You could also join the SUV crowd, and consider the Nissan X-Trail, Land Rover Discovery Sport or Hyundai Santa Fe. All are available with three rows of seats, but have less space in the cabin than the Galaxy.
What to look forSpare wheel
Unlike many recent cars, all Galaxys come with the reassurance of a space-saver spare wheel rather than a ‘mobility kit’.
Four-wheel drive was offered only with the manual-gearbox 2.0 TDCi 150, and the 2.0 TDCi 180 with an auto transmission.
Reliability generally seems to be good, but the electrics can play up so check everything works as it should, and look out for warning lights.
Many Galaxys have been used as private hire vehicles in town, leading to tired suspension and brakes, and possibly heavy cabin wear.
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Image 7 of 26
This is one of the Galaxy’s strengths, with high-quality materials and loads of space. Drop the third row and the boot takes 1,301 litres – and 2,020 litres with every rear seat down. Unusually, the third row is fine for adults, while each middle-row seat slides back and forth for ultimate versatility. The array of cubbies, user-friendly dashboard and decent connectivity give you a winning combination.
You can buy a nearly new Ford Galaxy for between £13,799 and £29,543 on our sister site BuyaCar.
Petrol Galaxys have to be serviced every 12 months or 12,500 miles. The service sequence runs minor, minor, major; the smaller check costs around £215, while the larger one is £295. Diesel Galaxys alternate between minor and major – about £245 and £335 respectively – with intervals every 18,500 miles or two years.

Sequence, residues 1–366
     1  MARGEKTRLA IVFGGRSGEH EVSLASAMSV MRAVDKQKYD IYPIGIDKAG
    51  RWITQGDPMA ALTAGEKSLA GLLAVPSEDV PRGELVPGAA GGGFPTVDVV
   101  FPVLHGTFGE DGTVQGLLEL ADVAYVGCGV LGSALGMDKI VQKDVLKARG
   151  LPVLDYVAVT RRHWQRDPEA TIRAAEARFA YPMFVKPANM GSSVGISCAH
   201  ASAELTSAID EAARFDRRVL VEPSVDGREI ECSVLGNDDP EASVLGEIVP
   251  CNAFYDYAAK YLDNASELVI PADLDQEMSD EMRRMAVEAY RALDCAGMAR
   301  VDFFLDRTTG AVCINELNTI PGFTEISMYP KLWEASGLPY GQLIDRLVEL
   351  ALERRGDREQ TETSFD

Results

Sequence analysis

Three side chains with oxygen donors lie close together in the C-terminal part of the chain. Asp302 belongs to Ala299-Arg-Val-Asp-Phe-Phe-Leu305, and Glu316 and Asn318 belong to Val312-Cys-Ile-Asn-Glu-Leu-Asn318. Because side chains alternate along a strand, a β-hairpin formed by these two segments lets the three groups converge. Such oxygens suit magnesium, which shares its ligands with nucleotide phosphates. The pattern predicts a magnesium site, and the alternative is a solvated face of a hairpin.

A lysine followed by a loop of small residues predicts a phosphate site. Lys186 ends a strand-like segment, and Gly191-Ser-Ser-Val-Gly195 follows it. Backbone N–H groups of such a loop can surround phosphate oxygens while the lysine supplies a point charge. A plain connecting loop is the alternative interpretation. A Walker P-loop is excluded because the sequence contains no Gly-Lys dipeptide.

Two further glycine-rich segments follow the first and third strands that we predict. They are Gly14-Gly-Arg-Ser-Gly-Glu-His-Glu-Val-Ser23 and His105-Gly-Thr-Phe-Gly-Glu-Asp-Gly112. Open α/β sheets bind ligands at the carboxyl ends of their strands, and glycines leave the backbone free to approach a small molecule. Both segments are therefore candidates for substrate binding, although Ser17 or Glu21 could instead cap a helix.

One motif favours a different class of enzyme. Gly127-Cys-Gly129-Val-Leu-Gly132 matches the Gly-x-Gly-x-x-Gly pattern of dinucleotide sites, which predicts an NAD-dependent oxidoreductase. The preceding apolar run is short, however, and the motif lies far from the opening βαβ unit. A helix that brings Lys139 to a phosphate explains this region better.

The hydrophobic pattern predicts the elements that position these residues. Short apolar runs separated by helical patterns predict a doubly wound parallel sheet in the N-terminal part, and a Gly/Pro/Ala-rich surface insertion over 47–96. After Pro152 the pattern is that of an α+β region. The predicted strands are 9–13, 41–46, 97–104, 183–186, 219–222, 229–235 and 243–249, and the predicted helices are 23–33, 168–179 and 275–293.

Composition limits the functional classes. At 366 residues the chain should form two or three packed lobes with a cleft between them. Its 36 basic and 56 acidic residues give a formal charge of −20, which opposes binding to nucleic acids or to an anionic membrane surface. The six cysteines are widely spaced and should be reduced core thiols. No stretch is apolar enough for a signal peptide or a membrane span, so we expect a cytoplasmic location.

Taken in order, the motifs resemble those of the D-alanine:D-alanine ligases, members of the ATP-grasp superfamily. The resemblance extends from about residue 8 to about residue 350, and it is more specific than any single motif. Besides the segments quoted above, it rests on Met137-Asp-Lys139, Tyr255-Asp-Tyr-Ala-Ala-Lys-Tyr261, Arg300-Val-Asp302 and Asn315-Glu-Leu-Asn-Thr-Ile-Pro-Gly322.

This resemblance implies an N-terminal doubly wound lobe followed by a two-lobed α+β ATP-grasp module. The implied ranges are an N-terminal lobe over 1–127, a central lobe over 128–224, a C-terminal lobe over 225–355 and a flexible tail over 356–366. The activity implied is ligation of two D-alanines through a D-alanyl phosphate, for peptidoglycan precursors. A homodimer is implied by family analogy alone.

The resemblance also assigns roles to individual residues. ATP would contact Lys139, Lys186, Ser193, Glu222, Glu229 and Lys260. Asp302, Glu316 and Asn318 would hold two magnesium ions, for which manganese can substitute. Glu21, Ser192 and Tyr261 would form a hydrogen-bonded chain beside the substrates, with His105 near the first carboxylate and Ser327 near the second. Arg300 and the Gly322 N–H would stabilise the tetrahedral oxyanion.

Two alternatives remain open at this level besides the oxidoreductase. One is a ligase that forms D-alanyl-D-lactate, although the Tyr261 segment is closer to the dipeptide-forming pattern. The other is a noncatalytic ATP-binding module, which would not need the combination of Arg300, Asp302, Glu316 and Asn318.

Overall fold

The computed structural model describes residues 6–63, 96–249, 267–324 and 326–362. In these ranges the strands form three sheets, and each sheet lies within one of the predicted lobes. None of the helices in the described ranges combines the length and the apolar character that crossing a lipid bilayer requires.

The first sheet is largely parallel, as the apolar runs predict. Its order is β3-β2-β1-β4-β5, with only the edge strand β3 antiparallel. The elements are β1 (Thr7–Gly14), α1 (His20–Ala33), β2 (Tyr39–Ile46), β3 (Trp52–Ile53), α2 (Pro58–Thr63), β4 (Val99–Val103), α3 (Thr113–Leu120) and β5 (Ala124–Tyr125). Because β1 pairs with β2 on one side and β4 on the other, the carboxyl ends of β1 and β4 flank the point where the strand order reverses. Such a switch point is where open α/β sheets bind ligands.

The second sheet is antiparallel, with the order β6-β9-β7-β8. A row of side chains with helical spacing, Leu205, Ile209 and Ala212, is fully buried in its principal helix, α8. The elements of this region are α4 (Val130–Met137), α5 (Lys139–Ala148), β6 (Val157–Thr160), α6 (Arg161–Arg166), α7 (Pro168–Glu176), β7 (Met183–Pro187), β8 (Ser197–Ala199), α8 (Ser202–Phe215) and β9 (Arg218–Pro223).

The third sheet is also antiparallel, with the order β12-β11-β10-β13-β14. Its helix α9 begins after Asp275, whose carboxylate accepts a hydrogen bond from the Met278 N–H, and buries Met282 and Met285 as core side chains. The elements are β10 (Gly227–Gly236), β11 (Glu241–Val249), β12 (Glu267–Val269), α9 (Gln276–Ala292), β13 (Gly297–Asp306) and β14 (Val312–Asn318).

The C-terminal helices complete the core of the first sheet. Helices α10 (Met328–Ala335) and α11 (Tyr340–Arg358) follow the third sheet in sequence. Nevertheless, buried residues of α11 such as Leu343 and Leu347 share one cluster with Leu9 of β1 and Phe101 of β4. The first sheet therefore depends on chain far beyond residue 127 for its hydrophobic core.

Every Galaxy engine has a cambelt, which must be replaced every 10 years or 125,000 miles; reckon on £430 on a diesel model and £550 for a petrol. The auto box needs a service (at £250) every three years.
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This Galaxy has had four recalls. The first was for LED headlight failure in cars built up to February 2016. Models made from May to October 2015 were recalled in March 2018 over cracking sumps, while clutch failure on pre-June 2016 cars led to a campaign in July 2018. And in November 2018, Ford recalled cars built up to April 2018 because of issues with a compressor pulley.
Driver Power owner satisfaction
The Galaxy is not as big a seller as it once was, so this third-generation model hasn’t yet featured in our Driver Power surveys. Even carbuyer.co.uk has just five owner reviews, but all are five-star write-ups, and none of the owners (all of whom chose diesel) has experienced any problems. Common themes include good economy, excellent cruising abilities and generous equipment.
MPVs have fallen out of favour in recent years, as buyers shift towards ever more versatile SUVs. But if you need to seat up to seven people, even if it’s only occasionally, or you want something with a huge load bay and brilliant versatility, an MPV such as the Galaxy is likely to tick every box – and more. If one thing puts buyers off – apart from the car’s size – it’s the thought of driving a car that steers like a commercial vehicle. But fear not; try one out and you’ll see why owners think the Galaxy is out of this world.
Click through to page two for our full buyer’s guide on the Ford Galaxy Mk2 sold from 2006 to 2015…
For an alternative review of the latest Ford Galaxy MPV visit our sister site carbuyer.co.uk